“Christofer, how did you end up in Moscow?”
“I chose Russia in general, but Moscow, and the job I’m doing here now, happened more by chance. I found myself in Russia in April of 2007, in St. Petersburg at first. I was invited to work for TELE2, a mobile communications operator which was opening up the Russian market at the time. I did some training, part of which involved training management staff. When I had been working there for six months I was given the choice of Russia or Switzerland for my career advancement. I chose Russia as, for me, that country represented better prospects for realising my potential. After all, in spending a long time training management staff, I had acquired leadership skills myself. I wanted to put them into practice. Once I had been offered a new place of work, I didn’t have much time to prepare, so I loaded my bike onto a truck and moved from Petersburg to Moscow. Also, the Petersburg autumn was setting in, and I fancied a change of scene.”
Terrakultur was founded in 1967 in Sweden. In 2004, its Terrakultur Russia branch opened in Moscow. Today, Terrakultur is the largest of all phytodesign companies, and has carried out numerous projects. It is currently working with over 250 customers.
Terrakultur Russia’s CEO Christofer SALSING was born in Sweden, worked in Europe and Asia, and has worked in Russia since 2007. Until his arrival at Terrakultur Russia, he worked for TELE2 where he underwent a programme to learn how to train managers.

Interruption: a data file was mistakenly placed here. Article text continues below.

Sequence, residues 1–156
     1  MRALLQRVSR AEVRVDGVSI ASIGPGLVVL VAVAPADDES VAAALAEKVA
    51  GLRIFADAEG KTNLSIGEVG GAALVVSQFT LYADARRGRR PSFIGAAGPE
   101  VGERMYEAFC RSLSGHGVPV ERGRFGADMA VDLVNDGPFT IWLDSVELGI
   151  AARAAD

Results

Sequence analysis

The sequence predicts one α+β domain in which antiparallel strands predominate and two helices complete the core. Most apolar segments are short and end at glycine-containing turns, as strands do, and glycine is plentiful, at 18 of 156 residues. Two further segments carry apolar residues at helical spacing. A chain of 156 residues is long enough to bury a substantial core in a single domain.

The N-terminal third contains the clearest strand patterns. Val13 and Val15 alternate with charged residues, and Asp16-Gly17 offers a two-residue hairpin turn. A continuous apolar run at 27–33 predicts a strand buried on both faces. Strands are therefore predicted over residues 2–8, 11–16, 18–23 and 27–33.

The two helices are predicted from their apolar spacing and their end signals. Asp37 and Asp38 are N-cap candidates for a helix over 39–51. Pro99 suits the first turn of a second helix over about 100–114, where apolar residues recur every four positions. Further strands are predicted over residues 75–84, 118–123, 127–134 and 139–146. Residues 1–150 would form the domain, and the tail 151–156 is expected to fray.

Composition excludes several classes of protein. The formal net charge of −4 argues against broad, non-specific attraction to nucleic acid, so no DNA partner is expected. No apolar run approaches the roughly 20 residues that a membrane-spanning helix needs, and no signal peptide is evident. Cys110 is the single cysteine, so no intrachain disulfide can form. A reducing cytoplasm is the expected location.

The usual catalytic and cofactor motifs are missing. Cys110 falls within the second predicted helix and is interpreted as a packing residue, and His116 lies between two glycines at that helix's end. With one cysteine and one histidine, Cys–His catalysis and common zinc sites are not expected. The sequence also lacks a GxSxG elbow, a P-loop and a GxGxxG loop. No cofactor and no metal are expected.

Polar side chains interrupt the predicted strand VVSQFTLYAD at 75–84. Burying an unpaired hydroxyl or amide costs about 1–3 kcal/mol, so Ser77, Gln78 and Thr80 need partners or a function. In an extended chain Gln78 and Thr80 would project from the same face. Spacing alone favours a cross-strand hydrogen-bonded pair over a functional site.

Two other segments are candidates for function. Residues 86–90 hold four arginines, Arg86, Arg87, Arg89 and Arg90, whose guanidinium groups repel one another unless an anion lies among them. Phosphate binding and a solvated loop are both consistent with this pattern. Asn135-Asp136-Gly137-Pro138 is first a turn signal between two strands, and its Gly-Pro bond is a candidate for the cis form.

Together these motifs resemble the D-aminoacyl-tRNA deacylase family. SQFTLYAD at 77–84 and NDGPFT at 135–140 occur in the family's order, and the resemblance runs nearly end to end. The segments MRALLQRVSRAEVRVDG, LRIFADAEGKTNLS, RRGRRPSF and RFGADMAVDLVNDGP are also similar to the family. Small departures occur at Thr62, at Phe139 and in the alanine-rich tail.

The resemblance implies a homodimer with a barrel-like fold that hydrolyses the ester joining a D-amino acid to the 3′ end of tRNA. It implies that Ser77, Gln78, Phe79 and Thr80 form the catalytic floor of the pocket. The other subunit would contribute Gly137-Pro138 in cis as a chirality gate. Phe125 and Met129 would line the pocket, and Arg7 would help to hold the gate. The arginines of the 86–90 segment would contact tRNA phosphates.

“When was it suggested you head Terrakultur Russia?”
“In the same year, 2007. I knew the former head of Terrakultur Russia: he was my boss at TELE2. I wanted to carry on working with him at Terrakultur Russia but he had another proposal: for me to head the company myself. I didn’t turn it down, about which I have no regrets whatsoever.”
“Until then you had worked both in Europe and Asia. Out of what you have managed to achieve, what are you most proud of?”
“I think I’d like to mention my work at the University of Taiwan where I supervised students working on their theses. We managed to establish, for all intents and purposes, a branch of Stockholm University, fitting out its office in this South East Asian country, and creating a Swedish ambience. We set up a student exchange programme, too.”
Professionals in the Russian capital are highly sought-after, and there is less choice on the employment market for employers.
“However, what I am most proud of is none other than my work at Terrakultur Russia. I feel that I managed to consolidate the team by moving the previous management system of rigidly structured “verticals” over to one of “horizontals”. The kommandny management style became another kind of kommandny style: linked not to command but to komanda [Russian for team], to collective. The work at Terrakultur Russia now is structured on the basis of equal opportunities, on a single platform. I succeeded in putting this principle into practice. A result of the team’s smooth running is that the company now not only operates in a stable fashion, but that it is bringing in tangible profit. Besides which, we have completely recouped all initial investment made in starting up the project.”
“How does your company recruit staff? Whose skills fall within this area?”